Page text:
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Re: Rudders and brakes (breaks)

On Fri, 1 May 1998 11:16:51 -0700 "Al Gietzen" <alventures@email.msn.com>
>Shouldn't we be alarmed that rudder cable breaks have been occurring in
>Velocitys for years, and when still secure them the same way.
>Doesn't the fact that needing full rudder when landing in turbulence 
>or crosswind could also result in a firmly applied brake and a resultant

>broken gear leg mean that a design change is needed?
>Al Gietzen  RGE
Dear Al,

While it is true "landing in turbulence or crosswind could result in a
firmly applied brake and a resultant broken gear leg" does NOT in and of
itself imply there is a poor design in they system. You can easily rip
the gear off a Cessna in a turbulent or excessive crosswind landing. 

As far as the "firmly applied brake" goes, that could be attributed to
lack of experience (feel) knowing where the rudder stops and the brake
starts...or even panic. I can only say that N81VA gets beat up, bounced,
and landed worse on a more regular basis than any one of your aircraft is
going to get exposed to. After 12 years and 2000+ hours, the gear is
still on and in tack. Nothing like real time field testing! 

As far as the rudder horn to cable connection, this situation could use
some scrutiny. The cable begins to break strands when  the rudder is
moving in and out without the pedal being depressed. This occurs whenever
there are gusty winds on the ramp and there is no rudder locks in place.
Pressing the pedals creates enough tension on the line so that the cable
/ nico press joint stays in-line. When the rudder is deflected without
tension on the cable, it tries to push the cable back into the nylaflow,
which is kind of like pushing a rope up a hill, and it invariably flexes
the cable right at the nico press. A couple of hundred, probably
thousands of time of this, and the strands begin to break.

Al, it's almost 2AM...and I have a brainstorm, maybe a brain fart....  A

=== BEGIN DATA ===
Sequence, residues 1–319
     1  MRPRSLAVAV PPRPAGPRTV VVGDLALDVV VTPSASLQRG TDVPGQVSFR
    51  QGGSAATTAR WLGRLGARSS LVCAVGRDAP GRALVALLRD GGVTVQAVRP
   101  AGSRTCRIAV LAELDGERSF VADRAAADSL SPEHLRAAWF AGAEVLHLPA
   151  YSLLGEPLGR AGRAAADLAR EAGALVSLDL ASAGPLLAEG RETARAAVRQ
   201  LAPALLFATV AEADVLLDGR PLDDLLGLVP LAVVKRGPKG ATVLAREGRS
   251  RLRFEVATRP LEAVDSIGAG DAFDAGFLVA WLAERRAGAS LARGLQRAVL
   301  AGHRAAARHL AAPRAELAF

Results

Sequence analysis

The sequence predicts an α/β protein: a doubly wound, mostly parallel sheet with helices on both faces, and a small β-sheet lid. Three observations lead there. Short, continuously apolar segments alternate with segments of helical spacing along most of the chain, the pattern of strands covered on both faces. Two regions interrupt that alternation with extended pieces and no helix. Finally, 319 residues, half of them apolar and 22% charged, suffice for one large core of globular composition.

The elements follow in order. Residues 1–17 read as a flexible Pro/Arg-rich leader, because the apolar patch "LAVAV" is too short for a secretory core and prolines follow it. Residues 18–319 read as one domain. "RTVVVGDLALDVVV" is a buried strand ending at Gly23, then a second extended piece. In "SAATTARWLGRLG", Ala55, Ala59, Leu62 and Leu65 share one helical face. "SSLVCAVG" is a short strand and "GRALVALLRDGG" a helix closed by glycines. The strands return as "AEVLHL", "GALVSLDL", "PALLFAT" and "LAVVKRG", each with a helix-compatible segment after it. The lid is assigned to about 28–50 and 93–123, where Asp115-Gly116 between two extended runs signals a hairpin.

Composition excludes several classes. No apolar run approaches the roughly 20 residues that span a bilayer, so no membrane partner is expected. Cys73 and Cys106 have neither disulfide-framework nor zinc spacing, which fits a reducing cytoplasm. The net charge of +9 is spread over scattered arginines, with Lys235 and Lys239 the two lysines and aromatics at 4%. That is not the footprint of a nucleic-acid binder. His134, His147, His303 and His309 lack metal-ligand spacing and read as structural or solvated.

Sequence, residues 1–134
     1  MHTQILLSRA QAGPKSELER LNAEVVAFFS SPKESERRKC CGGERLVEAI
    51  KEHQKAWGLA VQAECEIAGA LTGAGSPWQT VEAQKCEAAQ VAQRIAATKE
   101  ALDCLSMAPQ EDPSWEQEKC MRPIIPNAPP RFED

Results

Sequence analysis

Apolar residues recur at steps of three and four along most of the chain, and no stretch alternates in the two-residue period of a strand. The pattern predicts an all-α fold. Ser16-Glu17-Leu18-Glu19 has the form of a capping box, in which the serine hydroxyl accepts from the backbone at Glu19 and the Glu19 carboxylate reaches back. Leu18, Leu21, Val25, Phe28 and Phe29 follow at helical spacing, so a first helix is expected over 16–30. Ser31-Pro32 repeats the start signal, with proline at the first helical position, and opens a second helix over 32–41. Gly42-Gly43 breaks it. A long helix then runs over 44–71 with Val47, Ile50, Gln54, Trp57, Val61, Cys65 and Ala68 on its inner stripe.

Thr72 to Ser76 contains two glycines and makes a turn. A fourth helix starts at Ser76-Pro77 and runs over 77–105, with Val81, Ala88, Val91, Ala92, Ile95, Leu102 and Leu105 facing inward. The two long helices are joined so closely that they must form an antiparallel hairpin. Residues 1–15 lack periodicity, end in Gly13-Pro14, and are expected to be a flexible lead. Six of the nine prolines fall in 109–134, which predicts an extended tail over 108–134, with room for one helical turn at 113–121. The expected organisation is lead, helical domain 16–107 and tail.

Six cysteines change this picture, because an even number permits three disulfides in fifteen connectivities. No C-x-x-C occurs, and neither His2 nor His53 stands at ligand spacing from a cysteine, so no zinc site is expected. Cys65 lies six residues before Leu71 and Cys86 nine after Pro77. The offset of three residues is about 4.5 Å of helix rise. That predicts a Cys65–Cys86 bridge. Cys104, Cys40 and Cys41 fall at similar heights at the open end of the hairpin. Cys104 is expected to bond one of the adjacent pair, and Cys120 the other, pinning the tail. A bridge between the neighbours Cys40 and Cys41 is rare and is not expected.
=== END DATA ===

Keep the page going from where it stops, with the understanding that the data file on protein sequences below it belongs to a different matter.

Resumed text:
simple slip joint at the rudder horn!   Manufacture a fork on the end of
the horn. Drill a 3/32" hole in the center on the shank of a 1/4" clevis
pin, being sure to debur and radius the edges of the drilled hole.
Install the 1/4" clevis pin through some oilyte bushings pressed into the
top and bottom 'fork',  liberally lubricating and placing a thin washer
under the head of the clevis pin and a thin washer and cotter pin at the
bottom of the clevis pin. Run the 1/16" cable through the hole in the
shank, double back through a nico press (or ball) and  attach the nico
press or ball firmly.

When we apply pedal, the nico press (or ball) is seated against the
clevis pin and pulls the horn in. If the rudder is moved without pedal
input, the cable is free to slide through the hole while the pivoting
action of the pin reduces the amount of flex the cable sees at any
localized point.    Is it late? Or did I just have an idea?

Now then, before anybody jumps off the dock, what kind of wear and tear
are we going to get on the cable while it is sliding back and forth in
the clevis pin? Or vice versa? (Stainless steel cable vs. carbon steel
clevis pin.) What happens if the clevis binds or freezes and does not
rotate? I can't see where or how we would have to worry about the cable
breaking at the nico press or ball end, though. 

Talk to me folks...does any body want to give this a show?

Sleepless in Palm Bay

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